First, let's remind ourselves of what a raw file is. It is a set of single luminance values for each photosite (a/k/a pixel well or sensel) on the sensor. As such there is no color information to a raw file. Color is derived by comparing adjoining pixels that are filtered for one of three colors with a Bayer mask.¹ But just like putting a red filter in front of the lens when shooting black and white film didn't result in a monochromatic red photo, the Bayer mask in front of monochromatic pixels doesn't create color either. What it does is change the tonal value (how bright or how dark the luminance value of a particular color is recorded) of various colors by differing amounts. When the tonal values (gray intensities) of adjoining pixels filtered for the three different colors used in the Bayer mask are compared then colors may be interpolated from that information. This is the process we refer to as demosaicing. How much bias is given to red, green, and blue in the demosaicing process is what sets white/color balance.¹ The gamma correction and any additional shaping of the light response curves is what sets contrast.

¹ Just for the record, the three colors used in Bayer masks are not the same three colors emitted by our RGB displays, notwithstanding all of the cute little red-blue-green checkerboard diagrams on the internet. They're each, respectively, closer to being most transmissive to the wavelengths to which the three types of cones in the human retina are most responsive. Please see Why are Red, Green, and Blue the primary colors of light?

The B&W image you see on the back of the LCD screen of your camera is not "THE raw image". It is a preview image generated by the camera by applying the in camera settings to the raw data that results in the B&W jpeg preview image you view on the LCD. This preview image is appended to the raw file along with the data from the sensor and the EXIF information that contains the in-camera settings at the time the photo was shot. This is also what you are seeing for those first few seconds when you open the image file on your computer.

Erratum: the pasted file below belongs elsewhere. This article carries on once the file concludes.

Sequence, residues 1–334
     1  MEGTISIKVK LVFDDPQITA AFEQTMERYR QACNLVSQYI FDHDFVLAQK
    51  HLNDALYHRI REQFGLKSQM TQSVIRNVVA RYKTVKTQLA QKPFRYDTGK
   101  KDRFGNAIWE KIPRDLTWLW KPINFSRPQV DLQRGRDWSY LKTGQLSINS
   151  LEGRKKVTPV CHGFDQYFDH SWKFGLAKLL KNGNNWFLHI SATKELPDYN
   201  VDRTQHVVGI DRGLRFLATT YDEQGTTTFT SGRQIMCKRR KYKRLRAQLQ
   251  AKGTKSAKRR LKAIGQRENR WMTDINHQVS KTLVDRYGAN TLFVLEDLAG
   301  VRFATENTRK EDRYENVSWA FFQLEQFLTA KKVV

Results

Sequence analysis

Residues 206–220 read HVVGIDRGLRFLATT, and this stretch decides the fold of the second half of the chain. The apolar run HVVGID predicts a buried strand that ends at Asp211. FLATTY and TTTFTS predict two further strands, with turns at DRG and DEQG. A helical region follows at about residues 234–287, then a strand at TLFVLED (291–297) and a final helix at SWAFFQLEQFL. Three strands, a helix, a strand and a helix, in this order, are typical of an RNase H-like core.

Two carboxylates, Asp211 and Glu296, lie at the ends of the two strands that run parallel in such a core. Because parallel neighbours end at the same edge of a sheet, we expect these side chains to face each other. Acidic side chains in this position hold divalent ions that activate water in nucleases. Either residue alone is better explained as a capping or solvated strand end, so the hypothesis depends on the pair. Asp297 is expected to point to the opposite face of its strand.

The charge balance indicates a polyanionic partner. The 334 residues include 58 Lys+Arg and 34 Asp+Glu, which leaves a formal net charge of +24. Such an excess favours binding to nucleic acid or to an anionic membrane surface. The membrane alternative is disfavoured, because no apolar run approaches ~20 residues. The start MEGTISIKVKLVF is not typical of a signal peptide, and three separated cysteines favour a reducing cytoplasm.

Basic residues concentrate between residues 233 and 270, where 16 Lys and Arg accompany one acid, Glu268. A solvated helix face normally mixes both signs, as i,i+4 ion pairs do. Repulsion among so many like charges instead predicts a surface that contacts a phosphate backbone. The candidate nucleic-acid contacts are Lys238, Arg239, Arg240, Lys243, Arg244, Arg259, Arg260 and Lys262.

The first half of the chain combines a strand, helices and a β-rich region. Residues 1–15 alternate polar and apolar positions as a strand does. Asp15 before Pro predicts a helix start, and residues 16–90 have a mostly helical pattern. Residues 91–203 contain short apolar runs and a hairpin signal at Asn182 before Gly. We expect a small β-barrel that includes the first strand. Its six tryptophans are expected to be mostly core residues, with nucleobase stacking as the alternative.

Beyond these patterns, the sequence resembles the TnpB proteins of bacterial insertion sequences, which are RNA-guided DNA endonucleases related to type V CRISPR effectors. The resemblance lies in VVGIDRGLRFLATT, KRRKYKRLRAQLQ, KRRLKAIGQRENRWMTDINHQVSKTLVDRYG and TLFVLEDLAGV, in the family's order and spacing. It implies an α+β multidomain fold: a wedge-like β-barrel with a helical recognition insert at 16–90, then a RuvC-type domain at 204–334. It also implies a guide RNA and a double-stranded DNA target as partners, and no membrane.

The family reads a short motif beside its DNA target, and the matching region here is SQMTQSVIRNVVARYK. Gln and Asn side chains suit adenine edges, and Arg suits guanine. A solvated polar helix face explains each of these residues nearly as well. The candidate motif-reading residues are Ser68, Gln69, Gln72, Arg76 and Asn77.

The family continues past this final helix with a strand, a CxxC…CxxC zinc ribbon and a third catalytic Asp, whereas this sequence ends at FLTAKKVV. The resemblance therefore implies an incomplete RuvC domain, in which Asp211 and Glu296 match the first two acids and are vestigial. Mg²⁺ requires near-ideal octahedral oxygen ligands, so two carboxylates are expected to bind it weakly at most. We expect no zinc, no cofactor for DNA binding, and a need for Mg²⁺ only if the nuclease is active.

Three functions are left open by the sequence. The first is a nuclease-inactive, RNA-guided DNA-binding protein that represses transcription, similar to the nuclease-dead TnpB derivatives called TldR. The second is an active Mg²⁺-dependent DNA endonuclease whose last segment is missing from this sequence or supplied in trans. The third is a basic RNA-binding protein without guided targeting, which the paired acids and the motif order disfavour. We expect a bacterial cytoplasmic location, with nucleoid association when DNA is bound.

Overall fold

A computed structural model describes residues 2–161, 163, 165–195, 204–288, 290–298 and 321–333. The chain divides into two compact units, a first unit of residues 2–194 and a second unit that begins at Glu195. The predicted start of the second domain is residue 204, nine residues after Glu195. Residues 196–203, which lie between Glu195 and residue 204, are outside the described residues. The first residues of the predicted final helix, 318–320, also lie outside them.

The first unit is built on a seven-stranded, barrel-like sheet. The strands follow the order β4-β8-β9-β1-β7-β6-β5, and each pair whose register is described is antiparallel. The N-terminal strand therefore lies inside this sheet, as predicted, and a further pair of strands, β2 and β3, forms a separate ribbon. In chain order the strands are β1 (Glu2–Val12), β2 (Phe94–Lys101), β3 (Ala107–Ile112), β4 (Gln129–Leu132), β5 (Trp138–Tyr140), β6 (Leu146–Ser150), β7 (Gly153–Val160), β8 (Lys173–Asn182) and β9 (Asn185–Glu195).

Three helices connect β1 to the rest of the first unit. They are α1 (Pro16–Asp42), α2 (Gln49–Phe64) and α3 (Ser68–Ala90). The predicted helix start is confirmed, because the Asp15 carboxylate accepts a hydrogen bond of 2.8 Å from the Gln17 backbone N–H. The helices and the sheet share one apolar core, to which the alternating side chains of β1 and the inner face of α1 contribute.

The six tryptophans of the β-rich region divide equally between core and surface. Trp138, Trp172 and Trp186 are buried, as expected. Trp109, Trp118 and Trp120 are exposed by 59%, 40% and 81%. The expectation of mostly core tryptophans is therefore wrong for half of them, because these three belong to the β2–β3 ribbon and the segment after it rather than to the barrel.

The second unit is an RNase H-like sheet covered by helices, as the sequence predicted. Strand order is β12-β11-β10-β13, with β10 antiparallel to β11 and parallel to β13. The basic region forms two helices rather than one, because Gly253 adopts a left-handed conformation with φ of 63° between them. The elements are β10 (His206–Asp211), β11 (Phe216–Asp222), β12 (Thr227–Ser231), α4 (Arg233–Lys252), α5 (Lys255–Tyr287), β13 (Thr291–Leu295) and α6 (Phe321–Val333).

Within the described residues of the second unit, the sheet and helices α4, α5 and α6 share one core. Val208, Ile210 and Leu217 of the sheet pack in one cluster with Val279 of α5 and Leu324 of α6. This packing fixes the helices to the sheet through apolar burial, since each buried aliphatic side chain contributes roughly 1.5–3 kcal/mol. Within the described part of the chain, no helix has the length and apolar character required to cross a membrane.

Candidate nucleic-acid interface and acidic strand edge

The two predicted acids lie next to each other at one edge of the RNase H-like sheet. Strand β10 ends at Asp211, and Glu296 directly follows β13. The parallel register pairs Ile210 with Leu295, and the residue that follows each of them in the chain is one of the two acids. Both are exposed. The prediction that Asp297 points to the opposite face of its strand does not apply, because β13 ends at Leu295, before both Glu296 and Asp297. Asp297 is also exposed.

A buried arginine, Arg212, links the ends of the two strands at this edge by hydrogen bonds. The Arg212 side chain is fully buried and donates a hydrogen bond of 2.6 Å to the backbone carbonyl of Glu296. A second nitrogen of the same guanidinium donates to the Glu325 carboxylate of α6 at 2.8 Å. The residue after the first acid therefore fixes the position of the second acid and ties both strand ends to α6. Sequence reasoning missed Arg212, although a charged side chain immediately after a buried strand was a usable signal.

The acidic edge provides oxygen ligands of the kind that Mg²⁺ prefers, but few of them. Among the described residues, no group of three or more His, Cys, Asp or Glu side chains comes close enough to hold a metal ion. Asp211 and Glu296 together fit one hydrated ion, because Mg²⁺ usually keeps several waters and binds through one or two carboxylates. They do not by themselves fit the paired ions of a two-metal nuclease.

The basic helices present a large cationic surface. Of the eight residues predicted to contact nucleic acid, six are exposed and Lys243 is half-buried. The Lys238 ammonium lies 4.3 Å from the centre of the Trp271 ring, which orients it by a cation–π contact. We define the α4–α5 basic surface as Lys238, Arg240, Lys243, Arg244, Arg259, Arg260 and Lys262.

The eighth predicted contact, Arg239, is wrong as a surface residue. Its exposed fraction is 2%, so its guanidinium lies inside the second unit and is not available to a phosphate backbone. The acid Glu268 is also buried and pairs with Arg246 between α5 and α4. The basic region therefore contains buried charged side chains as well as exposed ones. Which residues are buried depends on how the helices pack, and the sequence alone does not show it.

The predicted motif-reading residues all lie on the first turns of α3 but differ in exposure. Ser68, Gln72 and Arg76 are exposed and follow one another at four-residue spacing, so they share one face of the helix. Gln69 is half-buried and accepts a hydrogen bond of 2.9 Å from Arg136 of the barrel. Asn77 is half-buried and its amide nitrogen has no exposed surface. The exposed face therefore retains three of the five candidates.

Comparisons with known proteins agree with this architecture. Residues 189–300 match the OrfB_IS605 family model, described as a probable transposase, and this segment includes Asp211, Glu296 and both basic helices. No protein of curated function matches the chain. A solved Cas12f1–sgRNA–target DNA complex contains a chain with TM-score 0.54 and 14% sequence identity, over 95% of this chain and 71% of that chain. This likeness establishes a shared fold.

Any depiction of the data in a raw image file that you see on your screen is not "THE raw image", either. It's one of a near countless number of possible interpretations of the raw data contained in the raw file. What set of instructions are applied to convert the raw data to the JPEG-like image you see on your screen determines how it will look on your screen. This is why opening the same raw image file in one specific raw convertor produces an image that looks different from the same raw file opened with a different raw conversion application.

I was expecting Lightroom software to display the image at its best, and not a "bad" interpretation of it. Why does the CR3 format exist, if not to have the best quality and most precise and uniquely interpreted? How can I work with it?

If you are saving your pictures in raw format when you shoot, when you do post processing you'll have the exact same information to work with no matter what Picture Style is selected at the time you shoot. Some applications may initially open the file using either the JPEG preview or by applying the in-camera settings active at the time the image was shot to the raw data. But you are free to change those settings, without any destructive data loss, to whatever else you want in post. Most third party raw image processing applications will apply their own default settings that affects how their interpretation of the raw data will look on your screen when you open the image. In general, they ignore many of the in camera settings and apply a generic group of settings that produce a color image with the saturation and contrast "punched up" a bit, just as most in-camera JPEG engines do when set to "Standard" or "Auto" picture styles.

Option A: Use a raw conversion application that automatically applies the in-camera settings at the time the photo was taken to the raw data in the .cr3 file.